Likewise H.D.’s revision of the story of Helen of Troy in Helen is an attempt to exonerate women from the blame of the Trojan War. In this sense, form inexorably serves the function and meaning of the poem by indicating to the reader that the poem is, if not an epic, epic-like and therefore a history. For some female authors using the well known form of an epic is a way to legitimize their stories, but by slightly altering the epic tradition they also indicate that the traditional way is unacceptable and insufficient for their purposes. Embodying the modernist dilemma, the long poem as epic often contains the seeming belief in the futility of tradition and history paired with the obvious dependence on them.

Lyric sequence[edit]

A lyric sequence is a sub-genre of the long poem. A lyric sequence is a collection of shorter lyric poems that interact to create a coherent, larger meaning. The lyric sequence often includes poems unified by a theme. A defining characteristic of this subgenre is that each lyric enhances the meaning of the other lyrics in the work, creating an enhanced collective metaphor, that opens the lyric sequence to unique adaptations of dialogue and other narrative/theatrical characteristics.

Critic Lynn Keller lends some insight to the lyric sequence by placing it in opposition to the epic: “At the opposite end of the critical spectrum are the treatments of the long poem that do not consider issues of quest, hero, community, nation, history and the like, and instead regard the form as essentially lyric. Seen through this lens, the long poem explores largely private (though possibly representative) sensibility and emotion, usually through focused moments of autobiography.“[13]

Lyric series[edit]

The lyric series is a genre of poetry in which the seriality of short (but connective) lyric poems enhances the long poem's meaning. Seriality may contribute narrative coherence or thematic development, and it is often read in terms of the poem's productive process, i.e. how the poem "produces its own experience"(Shoptaw). Each lyric poem is distinct and has meaning in itself, yet it functions as an integral part of the series, giving it a greater meaning as within the long poem as well.

Deborah Sinnreich-Levi and Ian Laurie examine the work of Oton de Grandson in the lyric series, or "ballad series" form. Grandson wrote several sets of short love lyrics, using the series form for narrative coherence and thematic construction, as well as to examine different aspects of a single narrative. George Oppen's Discrete Series relates its poetic seriality to the mathematic concept of a discrete series. Langston Hughes' Montage of a Dream Deferred qualifies as a serial lyric as well as a montage.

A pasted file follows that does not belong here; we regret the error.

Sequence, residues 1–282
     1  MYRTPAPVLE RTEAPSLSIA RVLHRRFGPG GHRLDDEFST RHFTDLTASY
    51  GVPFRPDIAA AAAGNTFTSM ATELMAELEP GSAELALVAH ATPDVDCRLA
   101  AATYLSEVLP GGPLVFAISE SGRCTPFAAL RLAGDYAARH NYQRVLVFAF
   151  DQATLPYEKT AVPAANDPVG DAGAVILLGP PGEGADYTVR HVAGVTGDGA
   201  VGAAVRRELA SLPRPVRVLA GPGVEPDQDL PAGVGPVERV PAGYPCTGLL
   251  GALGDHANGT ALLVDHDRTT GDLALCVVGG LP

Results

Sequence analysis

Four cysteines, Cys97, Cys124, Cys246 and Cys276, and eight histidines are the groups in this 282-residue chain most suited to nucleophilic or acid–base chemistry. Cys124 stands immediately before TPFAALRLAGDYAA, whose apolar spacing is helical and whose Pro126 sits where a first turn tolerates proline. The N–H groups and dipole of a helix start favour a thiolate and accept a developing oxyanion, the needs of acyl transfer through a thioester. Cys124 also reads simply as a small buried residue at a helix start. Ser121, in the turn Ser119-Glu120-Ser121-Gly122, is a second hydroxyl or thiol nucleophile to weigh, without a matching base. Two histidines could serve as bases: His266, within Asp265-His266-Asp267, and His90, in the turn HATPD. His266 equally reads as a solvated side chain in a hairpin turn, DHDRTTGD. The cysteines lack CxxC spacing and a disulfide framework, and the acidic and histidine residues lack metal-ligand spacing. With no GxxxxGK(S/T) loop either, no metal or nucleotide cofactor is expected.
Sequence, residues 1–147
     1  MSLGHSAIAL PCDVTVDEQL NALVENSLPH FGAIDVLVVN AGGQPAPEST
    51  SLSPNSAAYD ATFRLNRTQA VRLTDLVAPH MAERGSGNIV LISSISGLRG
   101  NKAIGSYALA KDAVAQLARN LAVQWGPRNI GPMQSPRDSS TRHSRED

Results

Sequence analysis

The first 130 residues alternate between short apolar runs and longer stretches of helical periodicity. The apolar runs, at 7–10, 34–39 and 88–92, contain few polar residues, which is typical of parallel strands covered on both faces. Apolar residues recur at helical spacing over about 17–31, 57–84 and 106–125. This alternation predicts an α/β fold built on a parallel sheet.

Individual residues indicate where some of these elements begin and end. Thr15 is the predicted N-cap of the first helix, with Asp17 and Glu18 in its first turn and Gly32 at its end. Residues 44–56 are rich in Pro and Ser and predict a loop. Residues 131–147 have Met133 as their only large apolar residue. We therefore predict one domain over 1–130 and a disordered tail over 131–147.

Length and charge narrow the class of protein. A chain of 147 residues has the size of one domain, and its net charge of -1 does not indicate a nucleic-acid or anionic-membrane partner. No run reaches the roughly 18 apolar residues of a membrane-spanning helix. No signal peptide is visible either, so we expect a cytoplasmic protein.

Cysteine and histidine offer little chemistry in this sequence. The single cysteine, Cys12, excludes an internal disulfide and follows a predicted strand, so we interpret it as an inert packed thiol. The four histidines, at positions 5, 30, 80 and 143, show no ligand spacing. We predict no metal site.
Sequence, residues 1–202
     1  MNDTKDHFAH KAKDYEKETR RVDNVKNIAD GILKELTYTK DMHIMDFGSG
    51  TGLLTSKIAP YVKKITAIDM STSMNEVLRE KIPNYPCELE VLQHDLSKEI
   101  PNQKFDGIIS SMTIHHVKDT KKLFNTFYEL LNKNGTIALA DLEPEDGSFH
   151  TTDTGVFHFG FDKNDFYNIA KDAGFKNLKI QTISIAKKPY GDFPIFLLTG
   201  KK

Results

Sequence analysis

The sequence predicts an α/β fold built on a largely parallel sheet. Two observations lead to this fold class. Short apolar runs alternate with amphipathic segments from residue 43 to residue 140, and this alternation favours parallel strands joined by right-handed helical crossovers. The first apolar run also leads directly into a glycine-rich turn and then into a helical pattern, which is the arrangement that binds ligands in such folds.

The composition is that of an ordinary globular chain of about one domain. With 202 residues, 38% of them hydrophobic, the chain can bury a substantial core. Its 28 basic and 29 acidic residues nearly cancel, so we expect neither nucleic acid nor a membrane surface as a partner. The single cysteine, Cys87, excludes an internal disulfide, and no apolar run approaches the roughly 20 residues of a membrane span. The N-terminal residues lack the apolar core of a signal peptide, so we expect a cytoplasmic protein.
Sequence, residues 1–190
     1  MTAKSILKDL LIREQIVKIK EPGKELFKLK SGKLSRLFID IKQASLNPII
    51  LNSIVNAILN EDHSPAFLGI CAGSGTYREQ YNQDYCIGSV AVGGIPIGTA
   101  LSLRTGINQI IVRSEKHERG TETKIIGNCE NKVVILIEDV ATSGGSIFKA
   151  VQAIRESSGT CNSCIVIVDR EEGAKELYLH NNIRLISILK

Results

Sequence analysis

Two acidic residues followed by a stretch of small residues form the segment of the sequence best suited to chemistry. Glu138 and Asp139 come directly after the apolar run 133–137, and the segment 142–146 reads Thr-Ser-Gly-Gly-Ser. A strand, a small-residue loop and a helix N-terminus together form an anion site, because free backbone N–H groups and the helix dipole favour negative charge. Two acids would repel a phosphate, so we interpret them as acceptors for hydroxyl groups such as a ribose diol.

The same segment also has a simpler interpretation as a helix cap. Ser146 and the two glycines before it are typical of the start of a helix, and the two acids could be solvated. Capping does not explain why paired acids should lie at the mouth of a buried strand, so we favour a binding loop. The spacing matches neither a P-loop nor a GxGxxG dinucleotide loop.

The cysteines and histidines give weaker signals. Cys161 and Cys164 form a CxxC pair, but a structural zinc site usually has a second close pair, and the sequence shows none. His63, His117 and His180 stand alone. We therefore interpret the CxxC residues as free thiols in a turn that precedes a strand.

Collage/Montage[edit]

The best-known and most highly regarded example of a collage long poem is T. S. Eliot's The Waste Land. Critic Philip Cohen describes Eliot's use of the collage in his article "The Waste Land, 1921: Some Developments of the Manuscript's Verse":

"Eliot gradually created a more modernist poem, one which resembles a cubist collage: satiric narratives were abandoned in favor of first of dramatic poetry and then of a bold amalgamation of genres. The speakers shifted from omniscient narrators to a variety of separate-person voices and then to different voices of one shadowy character."[citation needed]

The collage combines seemingly disparate parts or "fragments" of different voices, pieces of mythology, popular song, speeches, and other utterances in an attempt to create a somewhat cohesive whole.[citation needed]

The best known Bengali long poem is JAKHAM (The Wound) written by Malay Roy Choudhury of India during the famous Hungryalist movement in 1960s.

A montage is similar to a collage in that it consists of many voices, most famously portrayed in Langston Hughes' Montage of a Dream Deferred. The poet provides a comprehensive portrait of 20th century Harlem through the use of numerous different voices and thus creates a cohesive whole through this fragmentary lens.

What is perhaps the most debatable characteristic of this collage/montage form is the question of what is added to the message or content of the poem by using a more fragmented view. This debate is clearly visible within Langston Hughes' Montage in the question of who the primary voice belongs to and what is added by having Harlem shown through multiple people, as opposed to Hughes simply speaking from his own understanding of what makes Harlem.

The collage poem continues to be a vibrant, self-evolving form of poetry. Recently poems like, the "Longest Poem in the World," a project undertaken by a persona known only as "The Epic Poet," have created renewed interest in the collage poem, and specifically its ability to reweave our cultural fabric.

Verse-narrative[edit]

A verse narrative, as one might expect, is simply a narrative poem, a poem that tells a story. What is interesting about this subgenre is that owing to its place in the flexible category of long poem, the verse-narrative may have disrupted convention by telling its story in both poem and narrative. This combination broadens the scope of both genres, lending the poem's depth that may be lacking in the other sub-genres, yet also a lyrical voice that defines it as poetry. For an example of this, one might turn to Gilgamesh, which encompasses both the sub-genres Epic and Verse-Narrative.